I just simply can't get over how great the characterization of the cat is. The grandma's pretty cool, too, but whenever I look at this illustration, I can't help but wonder about the cat!

Composition, David Catrow, Stand Tall Molly Lou Melon

Really exciting composition! Love the pose of both the characters, and all of the splatter-like details in the background.

Color, Jon J. Muth, The Three Questions

Another image from Jon J. Muth's The Three Questions... I thought it was a really great spot... I especially like how the steam of the coffee was painted. The muted colors help set the mood, and the decision to have the green coffee cup complement the boy's red shirt was a good idea!

Color, Jon J. Muth, The Three Questions

I really like how the cool colors in this painting create an almost otherworldly atmosphere. Also, I like the artist's choice to use warm colors for the boy.

Character/Composition. Jim Field. Cat's Ahoy

I like both the character and composition aspects that this piece convey. The character is very endearing, a little cute orange tabby who is (or playing) pirate with his pirate hat with a cat skull on it and his little outfit. The composition has him off to the side but elevated in a dramatic pose. It shows the hull of the ship with a cute little added feature of a fish head as the head piece. I like the stars background giving a hint of the vastness of his travels. The mast and the fish head are both elements that lead your eye somewhat off the page, but more I feel they lead you outward as in the direction the ship is going. I think you are ultimately not taken off because you are leaded back by the arrangement of stars and the opposite direction up and to the left by the cat's sword raised high.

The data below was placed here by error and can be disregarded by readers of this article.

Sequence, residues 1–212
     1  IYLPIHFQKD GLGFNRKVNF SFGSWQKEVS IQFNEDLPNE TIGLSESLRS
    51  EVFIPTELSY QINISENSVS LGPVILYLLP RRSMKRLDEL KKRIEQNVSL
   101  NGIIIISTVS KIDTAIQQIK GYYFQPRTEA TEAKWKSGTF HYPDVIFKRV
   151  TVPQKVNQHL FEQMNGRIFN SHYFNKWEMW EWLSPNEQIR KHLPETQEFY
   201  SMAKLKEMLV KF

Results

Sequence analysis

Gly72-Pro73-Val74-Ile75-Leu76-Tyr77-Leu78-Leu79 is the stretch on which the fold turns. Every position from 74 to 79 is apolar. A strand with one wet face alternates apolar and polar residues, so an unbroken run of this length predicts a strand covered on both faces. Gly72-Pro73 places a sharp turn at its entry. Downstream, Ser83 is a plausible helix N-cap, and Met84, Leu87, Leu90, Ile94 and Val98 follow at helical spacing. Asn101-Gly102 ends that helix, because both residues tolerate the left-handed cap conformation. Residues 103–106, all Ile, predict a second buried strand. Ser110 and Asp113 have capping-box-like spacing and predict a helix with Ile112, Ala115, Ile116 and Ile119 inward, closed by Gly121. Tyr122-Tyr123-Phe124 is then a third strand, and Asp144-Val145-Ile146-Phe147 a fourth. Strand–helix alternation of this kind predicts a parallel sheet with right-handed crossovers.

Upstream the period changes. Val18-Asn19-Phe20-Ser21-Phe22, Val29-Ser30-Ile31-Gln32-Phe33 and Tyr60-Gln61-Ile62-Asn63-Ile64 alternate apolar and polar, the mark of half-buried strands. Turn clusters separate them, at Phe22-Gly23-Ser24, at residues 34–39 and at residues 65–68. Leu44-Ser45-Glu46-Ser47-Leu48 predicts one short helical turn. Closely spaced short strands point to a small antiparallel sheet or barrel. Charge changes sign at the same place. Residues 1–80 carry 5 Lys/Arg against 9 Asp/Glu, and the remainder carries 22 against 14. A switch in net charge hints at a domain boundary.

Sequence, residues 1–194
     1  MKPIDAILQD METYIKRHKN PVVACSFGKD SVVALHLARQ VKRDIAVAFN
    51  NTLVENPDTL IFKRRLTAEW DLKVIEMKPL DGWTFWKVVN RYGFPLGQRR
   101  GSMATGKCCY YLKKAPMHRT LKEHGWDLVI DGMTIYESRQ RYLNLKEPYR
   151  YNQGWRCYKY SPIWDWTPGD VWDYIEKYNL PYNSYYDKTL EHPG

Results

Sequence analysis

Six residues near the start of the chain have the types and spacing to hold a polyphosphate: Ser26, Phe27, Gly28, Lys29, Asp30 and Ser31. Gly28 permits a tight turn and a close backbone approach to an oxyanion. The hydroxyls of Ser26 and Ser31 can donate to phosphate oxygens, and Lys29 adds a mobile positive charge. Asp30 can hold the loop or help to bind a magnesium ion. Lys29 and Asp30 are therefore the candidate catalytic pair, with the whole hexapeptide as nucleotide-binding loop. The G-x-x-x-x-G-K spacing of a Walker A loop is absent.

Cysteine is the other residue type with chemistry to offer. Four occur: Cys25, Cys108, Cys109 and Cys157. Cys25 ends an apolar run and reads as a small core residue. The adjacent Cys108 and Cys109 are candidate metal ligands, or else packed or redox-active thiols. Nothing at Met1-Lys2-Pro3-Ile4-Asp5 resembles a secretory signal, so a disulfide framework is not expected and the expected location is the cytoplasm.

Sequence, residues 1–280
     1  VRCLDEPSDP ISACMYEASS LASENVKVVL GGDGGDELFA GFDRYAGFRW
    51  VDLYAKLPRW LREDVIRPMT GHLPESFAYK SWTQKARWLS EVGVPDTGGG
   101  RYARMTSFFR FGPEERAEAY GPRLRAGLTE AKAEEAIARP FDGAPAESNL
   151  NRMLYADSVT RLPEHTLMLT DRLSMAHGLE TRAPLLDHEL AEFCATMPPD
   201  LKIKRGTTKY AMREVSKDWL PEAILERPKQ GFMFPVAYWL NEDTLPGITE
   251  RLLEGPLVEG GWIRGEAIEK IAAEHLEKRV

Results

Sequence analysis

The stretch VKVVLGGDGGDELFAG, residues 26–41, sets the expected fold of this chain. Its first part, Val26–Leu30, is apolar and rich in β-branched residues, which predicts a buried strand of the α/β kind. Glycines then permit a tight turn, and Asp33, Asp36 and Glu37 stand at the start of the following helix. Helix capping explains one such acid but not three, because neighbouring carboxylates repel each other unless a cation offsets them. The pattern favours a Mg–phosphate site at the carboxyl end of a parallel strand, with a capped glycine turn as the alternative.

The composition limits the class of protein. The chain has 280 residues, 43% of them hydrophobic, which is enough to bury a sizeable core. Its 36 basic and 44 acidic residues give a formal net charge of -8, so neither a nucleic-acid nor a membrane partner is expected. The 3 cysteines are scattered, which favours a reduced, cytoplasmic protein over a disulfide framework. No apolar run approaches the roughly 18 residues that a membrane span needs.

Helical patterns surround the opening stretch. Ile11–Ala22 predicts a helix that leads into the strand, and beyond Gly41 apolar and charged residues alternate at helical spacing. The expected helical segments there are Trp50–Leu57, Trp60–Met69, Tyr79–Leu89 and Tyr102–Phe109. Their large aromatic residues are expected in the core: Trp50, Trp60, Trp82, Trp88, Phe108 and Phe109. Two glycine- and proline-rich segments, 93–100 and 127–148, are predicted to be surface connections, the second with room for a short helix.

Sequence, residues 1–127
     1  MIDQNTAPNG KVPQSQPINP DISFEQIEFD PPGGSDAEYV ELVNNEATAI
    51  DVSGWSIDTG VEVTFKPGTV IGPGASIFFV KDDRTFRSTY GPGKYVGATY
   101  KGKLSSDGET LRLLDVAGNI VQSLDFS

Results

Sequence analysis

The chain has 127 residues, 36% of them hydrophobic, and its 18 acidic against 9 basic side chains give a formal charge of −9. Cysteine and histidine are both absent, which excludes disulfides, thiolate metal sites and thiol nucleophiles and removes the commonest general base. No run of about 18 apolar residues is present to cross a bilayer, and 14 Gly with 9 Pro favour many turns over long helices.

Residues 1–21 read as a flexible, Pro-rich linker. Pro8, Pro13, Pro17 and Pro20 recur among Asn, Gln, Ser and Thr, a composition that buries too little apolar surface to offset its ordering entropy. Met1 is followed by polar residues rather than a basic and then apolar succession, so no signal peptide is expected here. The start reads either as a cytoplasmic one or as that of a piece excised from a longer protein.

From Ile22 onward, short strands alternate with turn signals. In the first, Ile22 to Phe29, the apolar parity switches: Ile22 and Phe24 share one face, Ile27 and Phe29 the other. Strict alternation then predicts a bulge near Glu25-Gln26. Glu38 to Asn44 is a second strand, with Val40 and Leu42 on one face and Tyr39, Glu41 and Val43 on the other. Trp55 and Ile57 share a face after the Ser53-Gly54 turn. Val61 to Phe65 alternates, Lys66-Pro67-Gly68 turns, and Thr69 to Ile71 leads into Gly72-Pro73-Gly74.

Wednesday, February 16, 2011

Character. Eugene Yelchin. Red Riding Hood and Wolf Illustration

I found this illustration purely by accident just looking around on the internet for children book illustration artists and images. I found this a vary unique way of interpreting the wolf in the classic tale of Little Red Riding Hood. His head being bigger than his body is both hilarious and menacing. It also is a good metaphor for an inflated ego. I love the suit, it makes me think of a sleazy used car salesmen. His posture of a "devil may care" attitude on the bench fits with the type of character Mr. Yelchin is presenting to us. It is adding human traits to the wolf, thus I think, making him more devious and cunning.

Monday, February 14, 2011

Cool underwater colors, Ryan Mauskopf, Triton and the Fishing Net

Its a fun composition, character expression, and underwater scene by Ryan Mauskopf

Character of A Lion. Amy June Bates. Christian, The Hugging Lion

In the book, Christian, The Hugging Lion, Amy June Bates has used her unique style to portray a real life character. Her style is unlike any I have currently seen. At first glance her illustration of Christian the Lion appears to be done all in watercolor. She allows pencil marks to show through as a texture. On very close observation you can see colored pencil(on the lions check and the outline of his body and arm. She uses the white as fur and light, varying on the amount of blend. The lion is composed very much to a real life representation, but Amy is adding a certain charm and playfulness of personality, displayed mostly through the eyes and facial expressions of the characters in the book(especially Christian).

Monday, February 7, 2011

Tuesday, February 1, 2011